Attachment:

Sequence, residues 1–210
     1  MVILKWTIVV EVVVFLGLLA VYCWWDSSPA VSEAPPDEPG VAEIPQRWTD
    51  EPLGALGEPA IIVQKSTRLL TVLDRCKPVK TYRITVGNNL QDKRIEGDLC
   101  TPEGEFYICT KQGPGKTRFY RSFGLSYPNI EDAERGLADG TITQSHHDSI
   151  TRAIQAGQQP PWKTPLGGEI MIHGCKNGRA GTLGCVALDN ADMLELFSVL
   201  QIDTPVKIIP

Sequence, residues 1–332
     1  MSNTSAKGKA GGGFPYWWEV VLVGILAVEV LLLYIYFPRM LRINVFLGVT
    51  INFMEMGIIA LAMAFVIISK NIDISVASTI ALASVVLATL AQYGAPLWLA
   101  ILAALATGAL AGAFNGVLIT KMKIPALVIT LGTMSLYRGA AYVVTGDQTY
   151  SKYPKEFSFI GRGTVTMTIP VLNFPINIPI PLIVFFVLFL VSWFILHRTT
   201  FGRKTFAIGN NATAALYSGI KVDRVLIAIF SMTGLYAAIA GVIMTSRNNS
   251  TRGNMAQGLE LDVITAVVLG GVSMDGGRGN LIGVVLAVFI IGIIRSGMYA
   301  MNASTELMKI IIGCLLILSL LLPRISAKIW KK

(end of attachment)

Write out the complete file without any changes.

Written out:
Sequence, residues 1–210
     1  MVILKWTIVV EVVVFLGLLA VYCWWDSSPA VSEAPPDEPG VAEIPQRWTD
    51  EPLGALGEPA IIVQKSTRLL TVLDRCKPVK TYRITVGNNL QDKRIEGDLC
   101  TPEGEFYICT KQGPGKTRFY RSFGLSYPNI EDAERGLADG TITQSHHDSI
   151  TRAIQAGQQP PWKTPLGGEI MIHGCKNGRA GTLGCVALDN ADMLELFSVL
   201  QIDTPVKIIP

Sequence, residues 1–332
     1  MSNTSAKGKA GGGFPYWWEV VLVGILAVEV LLLYIYFPRM LRINVFLGVT
    51  INFMEMGIIA LAMAFVIISK NIDISVASTI ALASVVLATL AQYGAPLWLA
   101  ILAALATGAL AGAFNGVLIT KMKIPALVIT LGTMSLYRGA AYVVTGDQTY
   151  SKYPKEFSFI GRGTVTMTIP VLNFPINIPI PLIVFFVLFL VSWFILHRTT
   201  FGRKTFAIGN NATAALYSGI KVDRVLIAIF SMTGLYAAIA GVIMTSRNNS
   251  TRGNMAQGLE LDVITAVVLG GVSMDGGRGN LIGVVLAVFI IGIIRSGMYA
   301  MNASTELMKI IIGCLLILSL LLPRISAKIW KK